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Saturday, 31 March 2018

British Superheroes

I was a voracious comic book reader as a kid and the British comics were always my favourite but I could never understand why it was only the American comics that had the costumed superheroes and why British comics were more grounded. Well in a comic book reality kind of way - the action was over the top but it came from heroics rather than superheroics. I remember Billy the Cat but that's all really. And while Judge Dredd could, at a stretch, qualify as a costumed superhero he doesn't really since he has no super powers other than a squarer jaw than Ben Grimm.

The superhero was an American obsession or at least that was what I thought until I read an interesting article in issue 4 of Future Publishing's Comic Heroes. Apparently British comics had its share of costumed crime-fighters with super powers. The article by comics expert Lew Stringer lists several UK superheroes and although most of them were before my time it is an illuminating article.

The Dandy comic featured a character called The Amazing Mr X in the 1940's. The character was named Len Manners and he wore a curious costume and could summon incredible strength at will. There was also a character called Powerman who apparantly gained his powers from the ghost of Christmas Yet to Come. There was also a rather attractive fellow called Captain Magnet, as well as Maskman and Electro Girl.

One character I do have vague memories of was The Steel Claw but then only from reading old strips in copies of The Valiant that I've picked up over the years. The Spider is another character I remember and his adventures were still running when I was a kid, but he was more a super-villain than a superhero.
 By and large though British comics tended to focus on adventure strips - war stories, western adventures, sports stories and secret agents were always successful. Humour was also very popular in British comics and titles like The Beano, Dandy and Whizzer and Chips were dominated by humour strips.

 British superheroes just couldn't be taken as seriously as their American counterparts. Where they had Batman, we had Fishboy (Buster 1968) who was abandoned on a desert island and learned to breath underwater and grow webbed feet. Some other unlikely Brit heroes - Birdman from Baratoga (Smash 1970), Kangeroo Kid (Scorcher 1970) and Kid Chameleon (Cor 1970).

King Cobra featured in Hotspur comic and I do remember this character from my childhood but when Marvel UK launched in the UK in the early 1970's it was a massive success and the British superheroes seemed tame in comparison to all the new American characters that were cropping up. Of course most of the better known American strips such as Batman, The Fantastic Four, Spiderman and some others were already known on these shores and there had been British titles that had run the strips, but we now had entire titles dominated by the costumed heroes from across the pond. From then on UK comic publishers gave up on creating original superheroes and tended to concentrated on their strengths with titles such as Warlord and Battle Picture Weekly.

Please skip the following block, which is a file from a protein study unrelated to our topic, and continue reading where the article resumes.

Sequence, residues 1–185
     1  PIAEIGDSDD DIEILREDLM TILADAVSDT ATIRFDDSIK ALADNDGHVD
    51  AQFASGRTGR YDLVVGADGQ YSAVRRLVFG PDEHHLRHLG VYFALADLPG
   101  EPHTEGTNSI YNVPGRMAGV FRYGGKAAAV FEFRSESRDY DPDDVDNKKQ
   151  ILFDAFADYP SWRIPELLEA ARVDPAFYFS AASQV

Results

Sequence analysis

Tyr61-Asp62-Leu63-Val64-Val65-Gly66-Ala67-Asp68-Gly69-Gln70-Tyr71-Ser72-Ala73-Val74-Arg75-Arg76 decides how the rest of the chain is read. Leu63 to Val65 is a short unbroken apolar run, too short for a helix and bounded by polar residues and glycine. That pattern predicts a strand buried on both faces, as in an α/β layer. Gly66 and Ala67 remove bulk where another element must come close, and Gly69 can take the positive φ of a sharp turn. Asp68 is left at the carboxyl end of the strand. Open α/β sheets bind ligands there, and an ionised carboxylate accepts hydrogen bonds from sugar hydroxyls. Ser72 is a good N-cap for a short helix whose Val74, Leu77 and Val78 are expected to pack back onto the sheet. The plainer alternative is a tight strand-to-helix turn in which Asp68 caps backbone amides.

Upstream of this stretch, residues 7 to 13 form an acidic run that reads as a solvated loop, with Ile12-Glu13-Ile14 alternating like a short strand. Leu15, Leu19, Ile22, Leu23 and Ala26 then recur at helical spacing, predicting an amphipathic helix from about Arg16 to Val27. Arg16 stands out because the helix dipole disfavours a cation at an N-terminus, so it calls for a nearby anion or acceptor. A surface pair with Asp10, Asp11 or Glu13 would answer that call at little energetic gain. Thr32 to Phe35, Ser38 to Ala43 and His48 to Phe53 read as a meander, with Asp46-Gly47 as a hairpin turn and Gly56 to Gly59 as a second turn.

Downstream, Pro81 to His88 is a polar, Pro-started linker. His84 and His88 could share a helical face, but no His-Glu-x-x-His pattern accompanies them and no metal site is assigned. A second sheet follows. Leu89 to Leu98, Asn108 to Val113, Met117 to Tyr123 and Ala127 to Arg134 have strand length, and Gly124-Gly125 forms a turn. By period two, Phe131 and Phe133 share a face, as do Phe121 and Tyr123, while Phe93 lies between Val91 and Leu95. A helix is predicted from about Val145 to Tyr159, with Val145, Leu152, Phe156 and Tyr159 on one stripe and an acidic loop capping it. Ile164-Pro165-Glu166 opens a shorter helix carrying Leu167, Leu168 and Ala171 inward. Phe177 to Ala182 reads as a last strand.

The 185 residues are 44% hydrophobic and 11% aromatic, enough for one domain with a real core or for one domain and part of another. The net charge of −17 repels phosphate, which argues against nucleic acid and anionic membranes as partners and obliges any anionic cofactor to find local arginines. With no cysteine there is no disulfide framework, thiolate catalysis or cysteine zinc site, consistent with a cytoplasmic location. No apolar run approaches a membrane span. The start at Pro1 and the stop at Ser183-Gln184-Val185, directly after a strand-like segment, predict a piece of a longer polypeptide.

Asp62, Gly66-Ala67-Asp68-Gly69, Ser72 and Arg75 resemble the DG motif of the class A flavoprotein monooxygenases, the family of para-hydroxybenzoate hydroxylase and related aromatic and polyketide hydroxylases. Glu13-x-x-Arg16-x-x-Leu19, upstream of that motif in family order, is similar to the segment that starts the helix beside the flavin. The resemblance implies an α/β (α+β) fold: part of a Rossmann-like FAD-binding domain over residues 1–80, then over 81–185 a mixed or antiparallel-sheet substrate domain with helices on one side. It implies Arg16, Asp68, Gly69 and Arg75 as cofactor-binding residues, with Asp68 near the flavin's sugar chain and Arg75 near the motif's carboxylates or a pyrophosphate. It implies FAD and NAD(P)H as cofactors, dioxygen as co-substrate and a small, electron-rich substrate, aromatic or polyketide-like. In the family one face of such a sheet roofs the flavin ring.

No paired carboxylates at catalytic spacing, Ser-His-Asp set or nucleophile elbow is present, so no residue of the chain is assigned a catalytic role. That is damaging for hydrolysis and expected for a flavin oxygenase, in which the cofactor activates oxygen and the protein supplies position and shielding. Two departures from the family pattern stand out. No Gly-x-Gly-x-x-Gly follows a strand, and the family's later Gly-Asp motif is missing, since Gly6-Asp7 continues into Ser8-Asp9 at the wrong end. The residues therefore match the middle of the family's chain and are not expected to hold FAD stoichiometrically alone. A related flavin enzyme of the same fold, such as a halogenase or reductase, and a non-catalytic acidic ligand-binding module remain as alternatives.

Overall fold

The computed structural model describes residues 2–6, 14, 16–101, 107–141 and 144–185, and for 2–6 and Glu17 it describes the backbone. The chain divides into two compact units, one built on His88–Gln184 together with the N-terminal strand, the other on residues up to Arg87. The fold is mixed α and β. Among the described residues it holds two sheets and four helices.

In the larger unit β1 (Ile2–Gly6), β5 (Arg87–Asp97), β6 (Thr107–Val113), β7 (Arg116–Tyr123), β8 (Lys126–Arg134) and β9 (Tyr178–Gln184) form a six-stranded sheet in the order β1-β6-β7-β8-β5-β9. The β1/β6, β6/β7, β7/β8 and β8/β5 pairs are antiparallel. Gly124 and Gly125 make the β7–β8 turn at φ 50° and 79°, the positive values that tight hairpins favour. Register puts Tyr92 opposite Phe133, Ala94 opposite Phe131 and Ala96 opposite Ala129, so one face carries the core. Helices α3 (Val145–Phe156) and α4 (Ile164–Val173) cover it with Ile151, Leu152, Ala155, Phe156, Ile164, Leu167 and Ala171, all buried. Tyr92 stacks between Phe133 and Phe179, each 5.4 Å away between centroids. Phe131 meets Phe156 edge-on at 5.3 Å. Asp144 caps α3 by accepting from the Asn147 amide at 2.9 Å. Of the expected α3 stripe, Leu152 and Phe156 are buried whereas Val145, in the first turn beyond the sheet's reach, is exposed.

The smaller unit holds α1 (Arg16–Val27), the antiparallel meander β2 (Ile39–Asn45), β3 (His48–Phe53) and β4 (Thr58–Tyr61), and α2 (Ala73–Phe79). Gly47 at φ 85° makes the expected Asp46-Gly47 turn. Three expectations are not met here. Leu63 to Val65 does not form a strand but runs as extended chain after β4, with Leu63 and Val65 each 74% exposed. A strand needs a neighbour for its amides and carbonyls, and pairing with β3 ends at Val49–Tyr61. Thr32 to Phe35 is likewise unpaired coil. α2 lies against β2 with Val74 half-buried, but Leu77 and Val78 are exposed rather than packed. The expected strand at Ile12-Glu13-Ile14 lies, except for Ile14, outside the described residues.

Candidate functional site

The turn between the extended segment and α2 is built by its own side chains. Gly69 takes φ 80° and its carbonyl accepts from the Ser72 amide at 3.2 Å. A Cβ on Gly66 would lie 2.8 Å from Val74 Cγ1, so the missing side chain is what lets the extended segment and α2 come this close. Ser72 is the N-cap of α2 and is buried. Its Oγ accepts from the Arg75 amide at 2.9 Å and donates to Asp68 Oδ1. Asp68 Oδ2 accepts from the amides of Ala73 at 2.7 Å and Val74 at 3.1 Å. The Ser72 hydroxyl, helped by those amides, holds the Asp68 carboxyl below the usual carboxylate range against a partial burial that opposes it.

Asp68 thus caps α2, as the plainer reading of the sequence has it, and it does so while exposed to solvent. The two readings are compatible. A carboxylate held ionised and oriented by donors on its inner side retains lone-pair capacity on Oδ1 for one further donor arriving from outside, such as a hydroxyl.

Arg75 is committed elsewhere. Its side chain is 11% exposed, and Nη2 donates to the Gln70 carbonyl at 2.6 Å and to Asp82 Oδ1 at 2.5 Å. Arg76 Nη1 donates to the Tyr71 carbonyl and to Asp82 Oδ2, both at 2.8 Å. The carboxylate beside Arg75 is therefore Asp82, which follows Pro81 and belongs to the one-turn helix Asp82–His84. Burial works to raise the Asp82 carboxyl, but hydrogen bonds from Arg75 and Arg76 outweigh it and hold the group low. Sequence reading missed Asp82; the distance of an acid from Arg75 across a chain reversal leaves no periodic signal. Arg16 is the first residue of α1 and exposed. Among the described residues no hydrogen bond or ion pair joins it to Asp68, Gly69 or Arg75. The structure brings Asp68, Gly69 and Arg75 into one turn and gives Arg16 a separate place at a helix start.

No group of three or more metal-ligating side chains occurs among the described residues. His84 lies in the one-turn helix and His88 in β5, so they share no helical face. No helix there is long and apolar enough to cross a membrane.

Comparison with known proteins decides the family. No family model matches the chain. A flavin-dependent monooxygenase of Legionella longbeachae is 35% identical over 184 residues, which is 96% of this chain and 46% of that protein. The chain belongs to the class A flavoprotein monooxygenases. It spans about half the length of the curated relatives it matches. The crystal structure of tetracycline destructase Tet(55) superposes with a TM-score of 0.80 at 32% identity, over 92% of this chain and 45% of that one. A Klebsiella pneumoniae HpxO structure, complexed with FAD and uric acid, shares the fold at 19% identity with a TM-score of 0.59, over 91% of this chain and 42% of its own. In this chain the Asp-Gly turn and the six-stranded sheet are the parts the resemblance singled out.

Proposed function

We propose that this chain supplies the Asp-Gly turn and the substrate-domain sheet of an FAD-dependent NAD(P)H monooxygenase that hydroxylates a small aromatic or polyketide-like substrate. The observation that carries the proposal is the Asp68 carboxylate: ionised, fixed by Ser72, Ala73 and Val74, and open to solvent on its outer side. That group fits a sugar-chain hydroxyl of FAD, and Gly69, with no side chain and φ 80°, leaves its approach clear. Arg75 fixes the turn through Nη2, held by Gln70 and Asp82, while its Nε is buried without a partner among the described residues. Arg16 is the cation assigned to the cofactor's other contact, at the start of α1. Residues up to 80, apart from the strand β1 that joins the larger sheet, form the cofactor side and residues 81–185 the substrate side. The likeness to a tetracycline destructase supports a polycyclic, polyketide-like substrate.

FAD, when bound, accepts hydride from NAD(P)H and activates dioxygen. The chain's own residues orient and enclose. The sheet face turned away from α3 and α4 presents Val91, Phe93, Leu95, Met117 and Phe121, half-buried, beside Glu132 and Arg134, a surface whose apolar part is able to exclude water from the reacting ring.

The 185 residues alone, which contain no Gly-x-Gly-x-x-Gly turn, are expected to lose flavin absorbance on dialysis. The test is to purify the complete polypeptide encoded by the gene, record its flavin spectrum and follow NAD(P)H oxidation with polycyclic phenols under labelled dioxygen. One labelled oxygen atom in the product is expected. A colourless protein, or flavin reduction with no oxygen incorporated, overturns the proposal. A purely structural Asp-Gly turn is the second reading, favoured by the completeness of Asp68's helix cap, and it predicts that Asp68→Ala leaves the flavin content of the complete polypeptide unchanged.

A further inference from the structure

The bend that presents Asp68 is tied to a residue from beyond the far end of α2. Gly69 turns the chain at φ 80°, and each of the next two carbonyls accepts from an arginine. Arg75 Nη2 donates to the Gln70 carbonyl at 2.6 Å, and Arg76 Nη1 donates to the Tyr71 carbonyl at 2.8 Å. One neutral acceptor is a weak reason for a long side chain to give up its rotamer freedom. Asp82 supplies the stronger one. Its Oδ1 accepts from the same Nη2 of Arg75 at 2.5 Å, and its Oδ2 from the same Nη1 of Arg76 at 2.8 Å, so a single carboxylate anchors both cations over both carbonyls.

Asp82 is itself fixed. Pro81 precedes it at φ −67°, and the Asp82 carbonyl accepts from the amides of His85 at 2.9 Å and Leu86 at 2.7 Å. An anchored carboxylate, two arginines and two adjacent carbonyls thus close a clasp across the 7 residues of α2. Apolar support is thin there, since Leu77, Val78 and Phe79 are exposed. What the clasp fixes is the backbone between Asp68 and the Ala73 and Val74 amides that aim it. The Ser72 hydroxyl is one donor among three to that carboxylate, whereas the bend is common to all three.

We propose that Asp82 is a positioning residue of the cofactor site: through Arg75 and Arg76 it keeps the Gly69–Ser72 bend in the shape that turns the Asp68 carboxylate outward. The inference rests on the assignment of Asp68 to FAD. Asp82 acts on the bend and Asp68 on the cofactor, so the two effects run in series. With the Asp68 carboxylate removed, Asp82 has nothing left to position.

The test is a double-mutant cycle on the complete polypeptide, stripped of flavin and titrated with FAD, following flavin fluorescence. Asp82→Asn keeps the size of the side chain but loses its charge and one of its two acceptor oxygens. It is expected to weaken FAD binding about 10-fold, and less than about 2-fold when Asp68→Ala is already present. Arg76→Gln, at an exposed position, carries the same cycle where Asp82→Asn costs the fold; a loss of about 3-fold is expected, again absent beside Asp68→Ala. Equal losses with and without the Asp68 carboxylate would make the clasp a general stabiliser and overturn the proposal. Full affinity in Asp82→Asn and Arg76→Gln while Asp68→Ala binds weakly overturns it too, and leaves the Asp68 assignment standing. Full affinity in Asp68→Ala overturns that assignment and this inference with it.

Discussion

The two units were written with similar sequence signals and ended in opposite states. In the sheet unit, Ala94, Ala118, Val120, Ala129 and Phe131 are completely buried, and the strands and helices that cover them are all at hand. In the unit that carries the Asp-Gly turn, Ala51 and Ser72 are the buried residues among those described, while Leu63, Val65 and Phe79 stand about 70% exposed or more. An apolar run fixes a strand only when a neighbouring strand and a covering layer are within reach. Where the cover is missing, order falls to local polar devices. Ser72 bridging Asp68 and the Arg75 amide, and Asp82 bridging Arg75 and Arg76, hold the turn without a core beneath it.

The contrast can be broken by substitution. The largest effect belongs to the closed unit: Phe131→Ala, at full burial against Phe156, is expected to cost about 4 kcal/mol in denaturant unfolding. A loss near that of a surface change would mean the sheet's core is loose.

It was from this period onwards that I became aware of all the comics out there and whilst I would pick up titles like Planet of the Apes, Dracula Lives and Spiderman from time to time, my true allegiance was with the British comics such as Warlord and Battle which I absolutely adored and would never miss a single issue. It was not until 1976 when 2000AD came about that British comics were able to create characters that could compete with the likes of the Americans - characters like Judge Dredd were more than able to stand alongside the American heroes in terms of creating their own mythology.

The first truly successful British superheroes were created by the Americans - Marvel's Captain Britain made a stir with British comic book readers in the UK.

"The character was created by writer Chris Claremont and artist Herb Trimpe and originally appeared in Captain Britain Weekly, a British anthology comic that also included reprinted material featuring other Marvel Comics characters (such as Nick Fury and the Fantastic Four). The first few issues of the comic were also promoted with free gifts, including a cardboard Captain Britain mask and a Captain Britain boomerang - free gifts in the first three issues of a title were a tradition with UK comics. Chris Claremont left the series after just ten issues, midway through the 'Doctor Synne' storyline, and has since stated that this was because his view of the character and series was very different to that of the editor.Up to this point, the character had appeared exclusively in Marvel's UK comics - although some established Marvel characters such as Captain America and the Black Knight appeared, Marvel's American comics had not referenced these stories or acknowledged that Captain Britain was part of the same shared Marvel Universe.In 1978, though, Chris Claremont revisited the character and introduced him to an international audience, fully integrating him into the Marvel Universe via a story that starred Captain Britain and Spider-Man. Initially published as a black & white story in the UK's Super Spider-Man & Captain Britain comic, this was then coloured and reprinted in an American title, Marvel's long-running Marvel Team-Up series." FROM THE WIKI ENTRY

These days the American heroes are still being published in the UK by the likes of Panini and Titan, but there are still the odd British superhero popping up in titles like Judge Dredd Megazine and the long running 2000AD. These days it is the traditional war, sport and adventure strips that are no longer being produced and you know, I miss them.

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